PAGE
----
If you have an ACS member number, please enter it here so we can link this account to your membership. (optional)

ACS values your privacy. By submitting your information, you are gaining access to C&EN and subscribing to our weekly newsletter. We use the information you provide to make your reading experience better, and we will never sell your data to third party members.



Chemist and environmental engineer named 2022 MacArthur Fellows

MIT chemist Danna Freedman and University of Georgia environmental engineer Jenna Jambeck awarded ‘genius grants’

by Ariana Remmel
October 13, 2022 | A version of this story appeared in Volume 100, Issue 37


A headshot of Danna Freedman.
Credit: Courtesy of the John D. and Catherine T. MacArthur Foundation
Danna Freedman

Danna Freedman of the Massachusetts Institute of Technology and Jenna Jambeck of the University of Georgia are among the 25 recipients of this year’s “genius grants” from the John D. and Catherine T. MacArthur Foundation. Each of the 2022 MacArthur Fellows will receive $800,000 over 5 years to pursue their creative vision “with no strings attached,” according to the foundation’s website.

A headshot of Jenna Jambeck.
Credit: Courtesy of the John D. and Catherine T. MacArthur Foundation
Jenna Jambeck

Freedman is a synthetic inorganic chemist designing new materials for quantum information technology. She synthesizes organometallic coordination complexes with tunable electronic, magnetic, and optical properties that allow them to serve as molecular qubits, the basic unit of information storage in quantum systems such as quantum sensors. These sensors can detect even the smallest change in magnetic and electric fields, which could help scientists study neurobiology at the quantum level.

Freedman says she is excited to foster collaborations between the designers of quantum information systems and scientists interested in applying that technology to other disciplines. She is considering how to best use the fellowship to facilitate those connections moving forward. “I have this amazing opportunity to think on the scale of decades as opposed to years,” she says.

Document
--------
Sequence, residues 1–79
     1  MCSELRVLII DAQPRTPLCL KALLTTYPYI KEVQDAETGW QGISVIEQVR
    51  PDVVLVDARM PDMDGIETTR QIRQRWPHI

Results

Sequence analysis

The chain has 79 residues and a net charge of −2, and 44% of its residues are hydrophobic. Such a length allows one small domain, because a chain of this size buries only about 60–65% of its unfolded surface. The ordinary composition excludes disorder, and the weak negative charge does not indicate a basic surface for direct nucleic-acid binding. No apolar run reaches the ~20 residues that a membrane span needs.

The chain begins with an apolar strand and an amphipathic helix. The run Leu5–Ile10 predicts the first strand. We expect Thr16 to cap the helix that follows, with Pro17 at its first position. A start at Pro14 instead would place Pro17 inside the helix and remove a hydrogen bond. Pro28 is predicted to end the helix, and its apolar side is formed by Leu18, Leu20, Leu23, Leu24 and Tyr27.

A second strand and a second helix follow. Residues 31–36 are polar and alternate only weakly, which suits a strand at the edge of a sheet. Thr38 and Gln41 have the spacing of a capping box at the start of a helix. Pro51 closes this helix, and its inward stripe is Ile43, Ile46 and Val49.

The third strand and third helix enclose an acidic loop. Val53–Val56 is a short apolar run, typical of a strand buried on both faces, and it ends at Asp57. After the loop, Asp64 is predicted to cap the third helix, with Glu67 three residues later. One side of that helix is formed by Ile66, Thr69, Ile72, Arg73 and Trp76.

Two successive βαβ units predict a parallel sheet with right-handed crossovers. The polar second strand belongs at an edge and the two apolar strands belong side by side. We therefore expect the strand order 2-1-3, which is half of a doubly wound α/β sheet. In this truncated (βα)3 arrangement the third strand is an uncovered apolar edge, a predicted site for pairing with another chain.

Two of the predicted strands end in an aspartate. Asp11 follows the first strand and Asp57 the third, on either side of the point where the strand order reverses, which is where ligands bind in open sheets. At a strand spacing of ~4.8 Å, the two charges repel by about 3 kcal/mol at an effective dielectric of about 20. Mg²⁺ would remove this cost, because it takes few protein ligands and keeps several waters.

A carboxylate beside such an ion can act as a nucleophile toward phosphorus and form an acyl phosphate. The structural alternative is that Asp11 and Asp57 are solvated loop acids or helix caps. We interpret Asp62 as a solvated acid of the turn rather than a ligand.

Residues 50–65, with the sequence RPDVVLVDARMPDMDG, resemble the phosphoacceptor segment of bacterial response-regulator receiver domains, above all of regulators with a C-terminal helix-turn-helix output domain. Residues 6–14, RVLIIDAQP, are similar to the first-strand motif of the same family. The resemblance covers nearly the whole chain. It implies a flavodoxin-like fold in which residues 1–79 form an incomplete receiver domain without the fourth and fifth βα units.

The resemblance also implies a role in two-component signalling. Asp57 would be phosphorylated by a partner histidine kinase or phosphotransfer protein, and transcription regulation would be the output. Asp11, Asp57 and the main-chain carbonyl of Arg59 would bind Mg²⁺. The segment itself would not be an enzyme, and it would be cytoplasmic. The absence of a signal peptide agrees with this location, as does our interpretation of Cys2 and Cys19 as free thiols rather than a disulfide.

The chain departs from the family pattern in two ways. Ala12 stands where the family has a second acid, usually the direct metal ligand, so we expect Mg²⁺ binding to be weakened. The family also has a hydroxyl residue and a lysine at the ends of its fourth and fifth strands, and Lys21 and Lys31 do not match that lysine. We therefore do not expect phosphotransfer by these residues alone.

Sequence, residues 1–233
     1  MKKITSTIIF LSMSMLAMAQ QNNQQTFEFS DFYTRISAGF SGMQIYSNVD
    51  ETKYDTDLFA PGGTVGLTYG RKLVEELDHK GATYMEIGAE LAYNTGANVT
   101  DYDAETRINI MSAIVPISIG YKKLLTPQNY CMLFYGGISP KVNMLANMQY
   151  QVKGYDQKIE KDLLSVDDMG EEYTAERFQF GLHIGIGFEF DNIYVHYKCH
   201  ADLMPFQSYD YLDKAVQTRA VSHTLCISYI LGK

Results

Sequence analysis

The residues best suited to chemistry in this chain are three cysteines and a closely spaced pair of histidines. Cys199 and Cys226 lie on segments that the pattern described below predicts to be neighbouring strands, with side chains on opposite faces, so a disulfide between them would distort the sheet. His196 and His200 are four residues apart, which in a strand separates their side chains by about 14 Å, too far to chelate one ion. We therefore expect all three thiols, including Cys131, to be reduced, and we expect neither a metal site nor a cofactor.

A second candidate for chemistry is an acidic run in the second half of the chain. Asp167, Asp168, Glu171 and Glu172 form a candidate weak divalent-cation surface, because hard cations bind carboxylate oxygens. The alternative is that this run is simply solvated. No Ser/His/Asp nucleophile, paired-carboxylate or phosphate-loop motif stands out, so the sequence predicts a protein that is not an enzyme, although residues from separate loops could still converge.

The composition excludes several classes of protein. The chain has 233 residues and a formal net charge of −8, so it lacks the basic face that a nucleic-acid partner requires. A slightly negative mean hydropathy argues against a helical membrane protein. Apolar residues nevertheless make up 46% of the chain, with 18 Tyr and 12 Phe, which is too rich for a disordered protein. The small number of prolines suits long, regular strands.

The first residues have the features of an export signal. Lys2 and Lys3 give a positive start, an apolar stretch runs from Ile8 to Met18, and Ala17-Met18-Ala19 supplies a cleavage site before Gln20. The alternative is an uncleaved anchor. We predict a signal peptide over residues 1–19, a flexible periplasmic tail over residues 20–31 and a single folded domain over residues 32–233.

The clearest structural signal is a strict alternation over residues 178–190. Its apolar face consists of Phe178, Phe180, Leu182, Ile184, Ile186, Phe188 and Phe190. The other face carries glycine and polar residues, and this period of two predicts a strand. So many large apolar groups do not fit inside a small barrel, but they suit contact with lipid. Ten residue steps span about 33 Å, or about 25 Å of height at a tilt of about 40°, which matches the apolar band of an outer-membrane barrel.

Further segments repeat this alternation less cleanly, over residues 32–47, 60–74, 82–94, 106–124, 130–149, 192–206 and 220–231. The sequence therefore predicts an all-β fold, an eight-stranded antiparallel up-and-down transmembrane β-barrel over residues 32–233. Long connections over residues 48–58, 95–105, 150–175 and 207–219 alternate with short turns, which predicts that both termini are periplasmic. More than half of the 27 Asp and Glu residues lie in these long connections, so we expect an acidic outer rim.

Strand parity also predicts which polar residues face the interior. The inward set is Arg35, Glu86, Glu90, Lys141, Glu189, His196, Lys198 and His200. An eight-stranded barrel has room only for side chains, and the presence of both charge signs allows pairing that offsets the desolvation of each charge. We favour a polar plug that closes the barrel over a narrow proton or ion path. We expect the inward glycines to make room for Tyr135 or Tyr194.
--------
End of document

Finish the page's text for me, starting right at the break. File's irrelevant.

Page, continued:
Jambeck is an environmental engineer whose research takes a global approach to addressing plastic pollution. She is developing tools to capture a holistic view of how plastic waste moves through the environment and the social factors driving pollution. Jambeck and her team work to communicate these results so that local communities have the data they need to implement evidence-based policies, she says. One tool they developed to aid these efforts is the Marine Debris Tracker mobile app, which allows anyone to log observations of plastic debris in an open-source data set that could help researchers monitor pollution on a global scale as well as provide information to individual communities.

Communicating science is “a key component to informing policy,” Jambeck writes in an email to C&EN. She hopes the fellowship will help her team’s projects make an impact on a larger scale. “More communities will have the data they need to make decisions that fit their community context,” she writes.


This story was updated on Oct. 17, 2022, to include a description of quantum sensors, information about the Marine Debris Tracker mobile app, and comments from Danna Freedman and Jenna Jambeck.



This article has been sent to the following recipient:

Chemistry matters. Join us to get the news you need.